They do. They are 9, 7, and 5. The little one will turn the WWE Network on and go to town watching the women wrestle. My oldest one talks about getting in the ring; she loves coming on the road, being in the locker room, and talking to the women. She’s had training sessions with Nattie Neidhart and Charlotte, and now and then she’ll want to try and roll in the ring with me. It’s really cute.

Would you and your wife be supportive if any of your kids decided to join the business?

I’d love it and support it, if that is what makes them happy and that’s what they want to do. WWE is a wonderful business and very family friendly. [But] at the same point in time, my middle daughter wants nothing more than to own a nonprofit farm for wayward animals, where she lives in a tree house and operates [the farm] with magic money that comes in somehow. That’s her goal, and if that’s what she wants to do, I’d support that, too. You just want them to be happy at the end of the day. 

What are the challenges of being both an in-ring Superstar and an executive? 

Going from the locker room and the road to coming into the office and working with the executives, it’s a totally different mindset and culture. You have to learn how to switch hats quickly. Something I always marveled at when I would first come into the office was Vince’s ability to switch hats instantaneously. One minute he was looking at logo designs, the next minute he was making a decision about an international market, then 10 seconds later he was doing something creative that had to do with the show. And that’s what it takes because there’s so much flux.

I’m in charge of talent, live events, and a lot of the creative. I also have a lot of input with certain programming. To be honest, if I weren’t on the show every week my life would be a whole lot easier. It takes up a lot of time.

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Why is it so difficult to become a WWE Superstar?

I often say we don’t fit in a bucket.  You can be great in the ring but have no personality or be terrible talking in front of large crowds, which won’t work out well. There are so many factors. Charisma is a factor, in-ring ability is a factor, and you can’t say one is more important than the other. Charisma is the one you can’t teach. It’s one thing to train somebody and get them ready to be able to get into the ring and have a match, but it’s a whole other thing to make them into a star. 

What’s the process to become a Superstar? 

There are so many avenues where we look to recruit talent. It’s from virtually every sport. Whether it’s the Olympics, NFL, soccer, and rugby or sports many have never heard of like kushti and kabaddi in India. We’re looking for athleticism and charisma—that larger-than-life persona that makes you stand out in a crowd. Just because you make it in the door, doesn’t mean you’ll make it any further.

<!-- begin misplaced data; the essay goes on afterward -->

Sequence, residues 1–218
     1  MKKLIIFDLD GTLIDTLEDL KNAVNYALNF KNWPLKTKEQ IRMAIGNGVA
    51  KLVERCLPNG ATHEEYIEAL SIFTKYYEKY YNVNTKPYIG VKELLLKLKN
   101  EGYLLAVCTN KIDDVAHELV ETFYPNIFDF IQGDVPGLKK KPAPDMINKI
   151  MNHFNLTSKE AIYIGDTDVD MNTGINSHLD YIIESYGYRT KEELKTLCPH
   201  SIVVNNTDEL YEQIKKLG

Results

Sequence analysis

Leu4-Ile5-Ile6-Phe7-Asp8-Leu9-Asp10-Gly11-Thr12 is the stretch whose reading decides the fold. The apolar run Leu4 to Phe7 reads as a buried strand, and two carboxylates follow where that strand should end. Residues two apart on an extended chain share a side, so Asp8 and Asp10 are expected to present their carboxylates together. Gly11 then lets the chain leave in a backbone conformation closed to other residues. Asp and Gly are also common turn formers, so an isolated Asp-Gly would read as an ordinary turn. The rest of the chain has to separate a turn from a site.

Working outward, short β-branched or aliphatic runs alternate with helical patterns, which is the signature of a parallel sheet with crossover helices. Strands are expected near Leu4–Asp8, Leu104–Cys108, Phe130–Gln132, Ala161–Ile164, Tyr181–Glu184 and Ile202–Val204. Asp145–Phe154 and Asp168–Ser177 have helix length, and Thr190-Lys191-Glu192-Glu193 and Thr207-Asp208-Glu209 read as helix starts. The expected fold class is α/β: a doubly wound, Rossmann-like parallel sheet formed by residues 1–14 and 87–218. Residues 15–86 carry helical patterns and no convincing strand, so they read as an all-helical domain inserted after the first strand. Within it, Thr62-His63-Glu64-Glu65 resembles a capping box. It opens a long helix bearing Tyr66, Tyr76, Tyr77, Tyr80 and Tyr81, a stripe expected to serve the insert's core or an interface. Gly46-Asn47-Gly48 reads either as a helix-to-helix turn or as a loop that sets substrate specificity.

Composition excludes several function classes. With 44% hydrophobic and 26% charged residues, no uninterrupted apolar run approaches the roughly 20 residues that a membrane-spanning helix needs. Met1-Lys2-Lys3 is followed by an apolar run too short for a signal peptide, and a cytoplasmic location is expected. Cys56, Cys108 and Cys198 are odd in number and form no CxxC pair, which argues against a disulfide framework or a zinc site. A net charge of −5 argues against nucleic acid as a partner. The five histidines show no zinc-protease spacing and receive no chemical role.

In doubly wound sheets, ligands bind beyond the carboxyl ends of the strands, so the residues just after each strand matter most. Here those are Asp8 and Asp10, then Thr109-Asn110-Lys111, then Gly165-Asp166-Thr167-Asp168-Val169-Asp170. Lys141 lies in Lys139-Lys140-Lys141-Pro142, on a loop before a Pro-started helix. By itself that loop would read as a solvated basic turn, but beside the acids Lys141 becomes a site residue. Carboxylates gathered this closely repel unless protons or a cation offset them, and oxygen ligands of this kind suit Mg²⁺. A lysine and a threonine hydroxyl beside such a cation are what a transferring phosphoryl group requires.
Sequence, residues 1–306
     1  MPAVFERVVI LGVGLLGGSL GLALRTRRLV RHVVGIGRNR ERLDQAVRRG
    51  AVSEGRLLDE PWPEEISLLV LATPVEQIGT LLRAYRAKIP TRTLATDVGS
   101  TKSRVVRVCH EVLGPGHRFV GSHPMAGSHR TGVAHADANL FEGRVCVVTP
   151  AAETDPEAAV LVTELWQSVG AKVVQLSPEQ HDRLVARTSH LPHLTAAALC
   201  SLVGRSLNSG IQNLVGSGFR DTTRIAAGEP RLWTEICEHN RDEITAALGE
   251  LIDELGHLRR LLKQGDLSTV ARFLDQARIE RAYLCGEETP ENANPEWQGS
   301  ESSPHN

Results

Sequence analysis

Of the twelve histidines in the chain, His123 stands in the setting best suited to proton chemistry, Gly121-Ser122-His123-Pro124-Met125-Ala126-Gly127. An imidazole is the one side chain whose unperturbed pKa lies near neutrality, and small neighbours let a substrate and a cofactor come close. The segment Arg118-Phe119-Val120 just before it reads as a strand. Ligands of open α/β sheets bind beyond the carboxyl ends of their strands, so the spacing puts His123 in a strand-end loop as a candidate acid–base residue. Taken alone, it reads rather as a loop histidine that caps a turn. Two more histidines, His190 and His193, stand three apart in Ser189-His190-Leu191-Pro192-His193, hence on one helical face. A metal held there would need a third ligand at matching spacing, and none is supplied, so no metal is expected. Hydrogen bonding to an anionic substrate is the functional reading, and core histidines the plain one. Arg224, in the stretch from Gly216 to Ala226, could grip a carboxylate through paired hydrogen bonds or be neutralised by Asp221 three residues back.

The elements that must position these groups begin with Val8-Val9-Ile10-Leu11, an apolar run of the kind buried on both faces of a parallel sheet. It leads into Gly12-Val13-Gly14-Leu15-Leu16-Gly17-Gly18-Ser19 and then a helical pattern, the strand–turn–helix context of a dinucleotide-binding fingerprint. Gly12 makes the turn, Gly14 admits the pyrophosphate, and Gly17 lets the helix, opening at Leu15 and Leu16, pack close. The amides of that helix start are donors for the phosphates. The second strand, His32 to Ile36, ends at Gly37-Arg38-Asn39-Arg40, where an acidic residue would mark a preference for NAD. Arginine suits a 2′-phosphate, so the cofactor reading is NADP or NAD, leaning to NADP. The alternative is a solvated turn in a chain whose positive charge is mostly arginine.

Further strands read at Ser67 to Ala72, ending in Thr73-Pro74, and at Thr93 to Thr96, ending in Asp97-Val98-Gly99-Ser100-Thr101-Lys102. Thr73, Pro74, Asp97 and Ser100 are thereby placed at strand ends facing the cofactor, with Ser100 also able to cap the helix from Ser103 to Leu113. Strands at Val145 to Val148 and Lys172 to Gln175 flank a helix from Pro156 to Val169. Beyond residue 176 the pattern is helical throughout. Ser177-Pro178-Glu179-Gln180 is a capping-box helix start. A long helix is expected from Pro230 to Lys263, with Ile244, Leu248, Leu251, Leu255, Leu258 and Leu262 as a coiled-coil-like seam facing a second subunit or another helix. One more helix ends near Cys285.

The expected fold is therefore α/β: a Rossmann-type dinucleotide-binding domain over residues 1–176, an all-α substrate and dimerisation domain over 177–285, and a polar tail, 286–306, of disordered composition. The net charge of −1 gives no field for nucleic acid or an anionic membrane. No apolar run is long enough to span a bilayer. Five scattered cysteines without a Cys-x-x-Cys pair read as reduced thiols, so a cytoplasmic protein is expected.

In 2015, we had hundreds of thousands of people send in applications, and we recruited. Three hundred came in for actual tryouts, and out of that 300 about 30 made it into the WWE Performance Center. It’s a difficult process, and that’s why we started the Performance Center in Orlando. It allows us to bring in these athletes from all over the world and train them. There has never been a system like we have at the Performance Center now. I tell talent at the Performance Center: Think of every performer who was in this business before the past couple of years. Every Superstar from Shawn Michaels to Randy Savage to Andre the Giant. They all achieved a level of success without being given the tools you’re being given. So what can you do with those tools? Imagine what they would have been if they had had those tools. We give them everything conceivably possible to make it in WWE, and the rest is on them. 

You’re 46 years old, still in fantastic shape, and the fans love watching you perform. When will you hang up your wrestling boots?

I think about that. I don’t want to be doing this just to do it. In the past several years there have been opportunities that have presented themselves. It all depends on the year. If you ask me right now about next year, I’m not even thinking about next year. I’m thinking about WrestleMania, and on Monday, after WrestleMania is over, I’ll think about what’s next after that.